Saturday, January 24, 2009

The Totalization of Shadows, Part XI

Just to keep things moving here… If my goal is to determine the material conditions for the reactivation of a philosophical ethos, what prevents me from taking a “labor theory” of reactivation seriously?

If I think that the reactivation of a philosophical ethos involves a real problem, a problem which remains worth thinking about, this means I assume we are not taught to think. If we could be taught to think and we required a reactivation of a philosophical ethos, we have an educational problem, (and the various accompanying logistical, organizational, and economic problems,) but not a problem of thought itself. The educational problem involves knowing how to transmit what it is to think, but wouldn’t as an educational problem involve or need to solve knowing what to think is.

If I don’t think I can be taught to think, and yet sense somehow I am not thinking (how do I sense this?), how do I work on myself so that I attain thinking? Do I goad and reprove myself, marinate myself in the shame of not thinking to such an extent I become so miserable I force myself to break out of this intolerable state? Is it an act of will? Or do I wander about, trying this or that, experimentally trying different combinations of thoughts and ideas (and what, in this context, are these thoughts and ideas, and how do I recognize them as such?) until one way or another I hit on a combination through which I sense some activation occurring, (and how do I sense such a thing? What are the characteristics of the sensation of a reactivation of a philosophical ethos?)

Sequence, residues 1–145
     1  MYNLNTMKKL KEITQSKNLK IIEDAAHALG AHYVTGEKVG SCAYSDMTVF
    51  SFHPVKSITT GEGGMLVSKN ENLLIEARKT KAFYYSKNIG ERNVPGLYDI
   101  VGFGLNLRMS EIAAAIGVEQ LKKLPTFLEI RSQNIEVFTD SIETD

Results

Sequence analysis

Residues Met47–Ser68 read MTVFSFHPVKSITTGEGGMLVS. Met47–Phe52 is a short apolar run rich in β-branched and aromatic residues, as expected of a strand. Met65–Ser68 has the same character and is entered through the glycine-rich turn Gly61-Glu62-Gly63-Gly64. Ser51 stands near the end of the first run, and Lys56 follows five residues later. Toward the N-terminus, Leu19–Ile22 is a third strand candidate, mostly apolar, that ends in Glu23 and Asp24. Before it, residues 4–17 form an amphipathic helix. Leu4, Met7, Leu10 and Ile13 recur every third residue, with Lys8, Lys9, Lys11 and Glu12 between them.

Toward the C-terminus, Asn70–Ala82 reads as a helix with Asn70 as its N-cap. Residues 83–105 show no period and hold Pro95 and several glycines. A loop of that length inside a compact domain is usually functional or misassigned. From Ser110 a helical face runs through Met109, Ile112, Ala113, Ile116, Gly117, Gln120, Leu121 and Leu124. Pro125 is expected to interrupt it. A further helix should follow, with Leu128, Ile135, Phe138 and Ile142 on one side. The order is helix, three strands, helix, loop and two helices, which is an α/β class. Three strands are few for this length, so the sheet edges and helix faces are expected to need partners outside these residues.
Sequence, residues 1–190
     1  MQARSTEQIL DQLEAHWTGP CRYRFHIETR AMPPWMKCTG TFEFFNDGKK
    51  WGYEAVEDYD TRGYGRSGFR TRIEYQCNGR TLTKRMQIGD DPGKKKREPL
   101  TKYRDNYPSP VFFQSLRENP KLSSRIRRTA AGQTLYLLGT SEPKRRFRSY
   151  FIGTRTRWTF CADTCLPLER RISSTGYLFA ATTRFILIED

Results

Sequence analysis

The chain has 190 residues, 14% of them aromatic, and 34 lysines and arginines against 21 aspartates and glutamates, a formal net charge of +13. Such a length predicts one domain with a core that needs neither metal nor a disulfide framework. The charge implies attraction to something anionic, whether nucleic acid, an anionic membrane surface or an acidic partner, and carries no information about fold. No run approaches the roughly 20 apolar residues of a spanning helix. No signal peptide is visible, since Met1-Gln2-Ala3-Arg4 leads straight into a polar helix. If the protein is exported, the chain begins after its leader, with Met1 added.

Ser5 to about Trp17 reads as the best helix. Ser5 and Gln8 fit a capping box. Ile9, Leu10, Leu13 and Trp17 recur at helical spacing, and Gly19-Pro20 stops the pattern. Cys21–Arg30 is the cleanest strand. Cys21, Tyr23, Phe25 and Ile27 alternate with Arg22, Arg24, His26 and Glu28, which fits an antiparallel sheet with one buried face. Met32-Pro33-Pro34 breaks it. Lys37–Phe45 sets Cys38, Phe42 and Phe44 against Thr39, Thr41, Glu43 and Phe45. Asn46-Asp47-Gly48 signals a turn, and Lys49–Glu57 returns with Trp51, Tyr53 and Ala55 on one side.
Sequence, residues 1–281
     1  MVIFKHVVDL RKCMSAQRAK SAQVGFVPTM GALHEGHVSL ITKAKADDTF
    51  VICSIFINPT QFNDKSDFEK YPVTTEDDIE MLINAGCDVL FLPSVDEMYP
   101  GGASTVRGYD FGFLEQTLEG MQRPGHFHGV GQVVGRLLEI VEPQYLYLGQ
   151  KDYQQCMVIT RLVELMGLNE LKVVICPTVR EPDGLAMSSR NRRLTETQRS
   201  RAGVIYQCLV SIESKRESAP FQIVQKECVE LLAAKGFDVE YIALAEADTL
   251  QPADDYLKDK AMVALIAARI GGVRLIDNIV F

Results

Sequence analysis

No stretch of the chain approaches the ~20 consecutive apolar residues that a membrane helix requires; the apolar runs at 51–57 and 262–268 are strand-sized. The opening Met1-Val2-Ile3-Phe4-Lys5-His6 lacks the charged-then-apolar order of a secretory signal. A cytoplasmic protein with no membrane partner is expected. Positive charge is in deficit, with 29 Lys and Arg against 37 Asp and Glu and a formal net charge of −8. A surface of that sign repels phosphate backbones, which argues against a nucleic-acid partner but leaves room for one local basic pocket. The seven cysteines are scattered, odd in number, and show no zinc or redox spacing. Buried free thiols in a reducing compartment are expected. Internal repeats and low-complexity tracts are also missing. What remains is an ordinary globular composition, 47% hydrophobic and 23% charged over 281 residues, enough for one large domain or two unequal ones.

If I seek the mentorship of others who are thought to have been successful in the reactivation of philosophical ethos, how do I know what I am achieving is reactivation rather than mimicry or imitation, (which I take to be different than reactivation, though I am willing to consider this may not be correct. I don’t think the problem of a reactivation is the same as seeking to be original—I would be interested in seeing how the two are related. To tell the truth, I don’t think much of the problem of seeking to be original.)


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